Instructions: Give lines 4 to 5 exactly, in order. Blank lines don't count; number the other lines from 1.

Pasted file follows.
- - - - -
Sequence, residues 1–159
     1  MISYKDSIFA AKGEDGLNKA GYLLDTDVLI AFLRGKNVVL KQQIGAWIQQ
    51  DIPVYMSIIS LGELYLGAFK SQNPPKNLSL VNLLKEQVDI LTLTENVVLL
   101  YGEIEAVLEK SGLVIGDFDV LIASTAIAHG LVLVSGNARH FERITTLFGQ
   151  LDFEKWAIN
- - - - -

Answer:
   101  YGEIEAVLEK SGLVIGDFDV LIASTAIAHG LVLVSGNARH FERITTLFGQ
   151  LDFEKWAIN